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Sports Cricket 09 Mar 2017 50 shades of grey dr ...

50 shades of grey drama in one thrilling Test match

Published Mar 9, 2017, 12:57 am IST
Updated Mar 9, 2017, 12:58 am IST
The virtually neurotic dislike the Aussies harbour about fourth innings targets may have helped the Indian cause somewhat.
K. L. Rahul and Cheteshwar Pujara played stellar roles in the Bengaluru Test. (Photo: AP)
 K. L. Rahul and Cheteshwar Pujara played stellar roles in the Bengaluru Test. (Photo: AP)

It was a thriller of a Test match containing all the shades of drama that have come to be associated with the game’s longest format. There were sterling performances on a surface which once again was not strictly upto international standards. In this great ‘Test’ of character it was Team India which emerged the strongest, coming back into the game after a poor first innings and getting past a not insubstantial Australian lead to turn the tables.

The virtually neurotic dislike the Aussies harbour about fourth innings targets may have helped the Indian cause somewhat. But the very fact that they were able to set an awkward target after being reduced to four down when very little ahead was testament to the tenacity with which they came back through Cheteshwar Pujara and Ajinkya Rahane and the ferocity with which they made the target an impossible dream for the Aussies.

 

This was team work at its best. Ravi Ashwin may have revealed the extent of it when he said at the post match interview that the team strategy had been to bowl everyone in short spells so as to keep them fresh and energised and present different lines of attack to the opposition. This showed there was no individual hunt for glory although Ashwin himself went on to play the lead role by picking up yet another five-fer and beyond in nailing the Aussies.

The extent of the intelligence of his operation after none too impressive first innings was apparent in the number of top spinners he bowled on a wearing pitch, just the kind of straight deliveries that were certain to cause mayhem with as O’Keefe did in the first Test. Bowling straight on a turning pitch is not as simple a task as may seem from outside. To master it by using the top spinner was proof of a thinking bowler who has now set several records spinning and is headed for the stratosphere in terms of Test wickets.

 

The story cannot but begin with KL Rahul’s sterling efforts in both innings, which were recognised as significant through the match award in a bowlers’ game. If the rest of the batting was not up to scratch it was a mere continuation of the first Test in which also the Indian batsmen did not show much equanimity in tackling spin. What made the conditions even more difficult for batsmen was the fact that the pace bowlers came through at varying heights, sometimes shockingly in grubbers gripping the ground.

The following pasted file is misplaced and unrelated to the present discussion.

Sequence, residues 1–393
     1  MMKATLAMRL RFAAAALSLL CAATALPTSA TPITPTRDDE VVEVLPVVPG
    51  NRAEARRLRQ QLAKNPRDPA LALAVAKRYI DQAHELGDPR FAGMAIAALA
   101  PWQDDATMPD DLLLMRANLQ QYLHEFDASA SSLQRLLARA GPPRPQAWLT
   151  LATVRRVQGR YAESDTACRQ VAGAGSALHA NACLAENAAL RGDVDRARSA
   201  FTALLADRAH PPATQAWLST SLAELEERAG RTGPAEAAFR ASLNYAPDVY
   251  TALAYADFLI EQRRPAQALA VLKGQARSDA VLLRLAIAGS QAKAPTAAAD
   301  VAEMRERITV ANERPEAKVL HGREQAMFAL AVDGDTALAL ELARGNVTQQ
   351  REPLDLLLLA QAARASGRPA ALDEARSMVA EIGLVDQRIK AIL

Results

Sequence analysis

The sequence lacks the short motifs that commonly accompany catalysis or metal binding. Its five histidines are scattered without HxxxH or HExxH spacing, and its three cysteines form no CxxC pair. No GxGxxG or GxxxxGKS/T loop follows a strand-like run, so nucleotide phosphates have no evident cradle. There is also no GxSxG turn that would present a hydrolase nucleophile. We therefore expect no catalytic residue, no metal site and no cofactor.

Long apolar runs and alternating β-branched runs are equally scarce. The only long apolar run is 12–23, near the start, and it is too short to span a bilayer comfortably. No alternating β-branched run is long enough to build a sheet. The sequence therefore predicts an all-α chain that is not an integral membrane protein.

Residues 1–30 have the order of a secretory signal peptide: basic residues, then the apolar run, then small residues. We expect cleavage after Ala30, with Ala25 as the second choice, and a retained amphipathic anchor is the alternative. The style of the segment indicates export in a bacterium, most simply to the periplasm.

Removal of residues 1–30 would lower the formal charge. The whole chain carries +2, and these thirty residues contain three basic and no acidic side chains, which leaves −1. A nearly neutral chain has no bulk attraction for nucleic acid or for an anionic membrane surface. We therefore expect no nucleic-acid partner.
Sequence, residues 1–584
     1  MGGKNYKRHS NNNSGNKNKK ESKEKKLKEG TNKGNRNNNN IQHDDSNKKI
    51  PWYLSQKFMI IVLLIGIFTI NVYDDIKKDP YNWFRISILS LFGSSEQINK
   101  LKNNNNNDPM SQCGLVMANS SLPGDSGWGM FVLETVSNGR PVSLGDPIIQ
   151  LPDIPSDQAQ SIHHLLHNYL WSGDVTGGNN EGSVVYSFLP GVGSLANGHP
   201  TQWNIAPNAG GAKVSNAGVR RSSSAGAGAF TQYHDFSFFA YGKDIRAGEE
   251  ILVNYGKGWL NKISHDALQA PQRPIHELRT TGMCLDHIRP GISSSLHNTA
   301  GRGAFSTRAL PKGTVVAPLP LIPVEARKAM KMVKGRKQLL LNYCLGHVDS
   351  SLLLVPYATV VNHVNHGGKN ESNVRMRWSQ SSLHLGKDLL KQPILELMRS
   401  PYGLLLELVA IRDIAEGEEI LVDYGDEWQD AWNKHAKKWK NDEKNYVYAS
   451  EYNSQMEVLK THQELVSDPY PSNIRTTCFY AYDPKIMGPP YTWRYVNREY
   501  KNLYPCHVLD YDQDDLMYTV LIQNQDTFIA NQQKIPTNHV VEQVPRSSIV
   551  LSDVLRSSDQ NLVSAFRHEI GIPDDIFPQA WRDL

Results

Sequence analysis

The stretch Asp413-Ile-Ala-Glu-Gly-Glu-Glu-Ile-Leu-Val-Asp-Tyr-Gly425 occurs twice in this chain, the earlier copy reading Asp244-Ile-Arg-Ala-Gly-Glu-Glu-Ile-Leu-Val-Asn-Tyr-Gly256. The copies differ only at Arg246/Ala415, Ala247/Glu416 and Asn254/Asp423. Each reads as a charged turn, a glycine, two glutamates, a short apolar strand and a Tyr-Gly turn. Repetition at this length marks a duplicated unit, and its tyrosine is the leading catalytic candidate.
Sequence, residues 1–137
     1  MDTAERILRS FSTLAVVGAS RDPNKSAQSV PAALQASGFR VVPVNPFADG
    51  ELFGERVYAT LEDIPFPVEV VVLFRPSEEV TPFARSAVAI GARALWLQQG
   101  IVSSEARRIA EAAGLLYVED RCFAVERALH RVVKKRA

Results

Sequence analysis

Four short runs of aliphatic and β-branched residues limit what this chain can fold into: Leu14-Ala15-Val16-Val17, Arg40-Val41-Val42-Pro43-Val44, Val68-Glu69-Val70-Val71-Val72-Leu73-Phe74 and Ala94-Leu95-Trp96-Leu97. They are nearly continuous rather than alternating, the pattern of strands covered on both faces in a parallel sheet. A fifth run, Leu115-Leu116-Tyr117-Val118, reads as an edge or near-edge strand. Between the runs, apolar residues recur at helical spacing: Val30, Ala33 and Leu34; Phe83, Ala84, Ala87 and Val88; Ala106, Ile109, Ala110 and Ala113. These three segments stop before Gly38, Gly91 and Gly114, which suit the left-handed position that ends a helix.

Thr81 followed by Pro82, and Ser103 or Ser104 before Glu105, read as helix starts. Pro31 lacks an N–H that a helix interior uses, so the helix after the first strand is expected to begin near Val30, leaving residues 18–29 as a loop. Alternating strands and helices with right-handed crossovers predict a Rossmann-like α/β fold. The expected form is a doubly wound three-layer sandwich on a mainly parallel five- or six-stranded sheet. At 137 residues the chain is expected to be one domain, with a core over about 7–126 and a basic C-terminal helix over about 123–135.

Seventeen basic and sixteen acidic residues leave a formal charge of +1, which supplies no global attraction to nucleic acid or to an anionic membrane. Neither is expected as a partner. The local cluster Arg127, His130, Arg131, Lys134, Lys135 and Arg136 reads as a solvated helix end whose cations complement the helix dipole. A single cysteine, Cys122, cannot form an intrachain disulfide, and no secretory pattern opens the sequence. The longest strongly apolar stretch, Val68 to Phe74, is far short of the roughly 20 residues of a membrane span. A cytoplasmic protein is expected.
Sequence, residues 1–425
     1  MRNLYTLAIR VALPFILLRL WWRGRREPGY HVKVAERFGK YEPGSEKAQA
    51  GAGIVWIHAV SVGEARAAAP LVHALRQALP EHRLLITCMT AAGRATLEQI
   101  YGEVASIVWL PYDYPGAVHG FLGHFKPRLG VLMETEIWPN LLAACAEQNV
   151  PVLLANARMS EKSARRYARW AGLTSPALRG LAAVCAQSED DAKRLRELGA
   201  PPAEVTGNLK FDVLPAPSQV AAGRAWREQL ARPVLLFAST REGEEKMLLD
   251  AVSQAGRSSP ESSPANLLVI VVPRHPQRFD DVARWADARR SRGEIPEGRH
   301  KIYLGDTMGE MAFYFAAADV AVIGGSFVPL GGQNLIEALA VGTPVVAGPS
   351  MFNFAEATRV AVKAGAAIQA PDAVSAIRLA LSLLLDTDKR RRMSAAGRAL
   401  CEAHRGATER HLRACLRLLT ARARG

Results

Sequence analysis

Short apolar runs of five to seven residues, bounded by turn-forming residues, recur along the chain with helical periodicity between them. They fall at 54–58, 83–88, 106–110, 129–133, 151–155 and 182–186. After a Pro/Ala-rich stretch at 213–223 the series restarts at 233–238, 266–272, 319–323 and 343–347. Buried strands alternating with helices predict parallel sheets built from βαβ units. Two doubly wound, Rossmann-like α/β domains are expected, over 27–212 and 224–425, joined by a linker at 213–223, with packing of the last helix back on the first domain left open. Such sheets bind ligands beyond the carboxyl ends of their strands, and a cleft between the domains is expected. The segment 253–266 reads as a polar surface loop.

Steve Smith was the palpable lbw victim to one of those shooters that would have hit the centre of middle stump, that too at the bottom. His reaction to being caught like a deer in the face of headlights at the dead of night in a game park was to suffer a ‘brain fade’, as the Aussies were to describe it. Poor guy, he may have felt like calling the team’s mental coach at that moment rather than behave in a manner that was not quite cricket. What Smith did was against the rules and ethics of the game.

 

Virat Kohli going ballistic over this Smith transgression may have been an excessive reaction. But, mind you, the holier-than-thou Aussies would have reacted in exactly the same way had some subcontinental behaved like this.  The term ‘cheat’ would have been bandied about, as it has on several occasions when catches were claimed close to the ground and players are roasted just for appealing for a positive verdict in their favour. Cricketers do tend to get brain fades whenever they think they have managed to catch the ball in such situations, but they have been called ‘cheats’ freely for this breach of ethics on several occasions.

 

To make the point further, the match referee did not think it fit to get into the argument over ethics by sanctioning Smith. But he should have because the Aussie captain breached the rules in seeking outside guidance in a DRS situation, which is forbidden. Surely, he should have been fined for the fact that he was in breach of regulations too, not only ethics. But then we are rather accustomed to this pattern of Aussies, the inventors of ‘sledging’, being considered true sportsmen and never questioned when they get vocal or demonstrative or even slip up in ethicality.

 

If an Asian player flies off the handle, much as Kohli did in his demonstrativeness in directly taking on Smith in verbals in the DRS situation, it is far more likely to be the object of match referee ire. Such is the subtle colour complex in cricket.

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